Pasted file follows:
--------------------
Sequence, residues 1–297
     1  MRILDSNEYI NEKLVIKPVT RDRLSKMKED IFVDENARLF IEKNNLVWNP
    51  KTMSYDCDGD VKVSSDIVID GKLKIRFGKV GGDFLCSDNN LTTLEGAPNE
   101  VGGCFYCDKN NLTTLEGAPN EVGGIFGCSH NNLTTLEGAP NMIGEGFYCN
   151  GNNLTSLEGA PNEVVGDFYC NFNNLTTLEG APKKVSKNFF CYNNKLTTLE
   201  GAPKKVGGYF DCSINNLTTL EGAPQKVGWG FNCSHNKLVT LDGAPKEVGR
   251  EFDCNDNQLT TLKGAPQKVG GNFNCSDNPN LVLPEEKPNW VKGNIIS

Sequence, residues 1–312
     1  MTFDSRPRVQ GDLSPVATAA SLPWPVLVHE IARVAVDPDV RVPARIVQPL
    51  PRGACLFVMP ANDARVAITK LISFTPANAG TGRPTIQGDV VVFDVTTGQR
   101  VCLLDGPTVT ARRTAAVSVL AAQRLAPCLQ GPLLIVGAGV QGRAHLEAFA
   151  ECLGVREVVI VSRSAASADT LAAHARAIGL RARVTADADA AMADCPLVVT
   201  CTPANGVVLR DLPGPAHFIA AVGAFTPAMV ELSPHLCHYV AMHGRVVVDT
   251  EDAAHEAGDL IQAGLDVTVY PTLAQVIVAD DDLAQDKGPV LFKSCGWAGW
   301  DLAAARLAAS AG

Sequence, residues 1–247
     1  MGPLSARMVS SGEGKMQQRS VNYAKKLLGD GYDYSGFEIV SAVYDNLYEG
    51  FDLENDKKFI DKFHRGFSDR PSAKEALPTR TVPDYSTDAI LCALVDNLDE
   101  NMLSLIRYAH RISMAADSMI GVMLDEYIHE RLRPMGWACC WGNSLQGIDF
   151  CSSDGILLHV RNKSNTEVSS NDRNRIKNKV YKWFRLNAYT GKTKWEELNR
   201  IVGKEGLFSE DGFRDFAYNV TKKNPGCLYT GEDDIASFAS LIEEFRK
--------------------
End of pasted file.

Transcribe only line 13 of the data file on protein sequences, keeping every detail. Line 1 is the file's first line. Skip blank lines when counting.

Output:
   201  CTPANGVVLR DLPGPAHFIA AVGAFTPAMV ELSPHLCHYV AMHGRVVVDT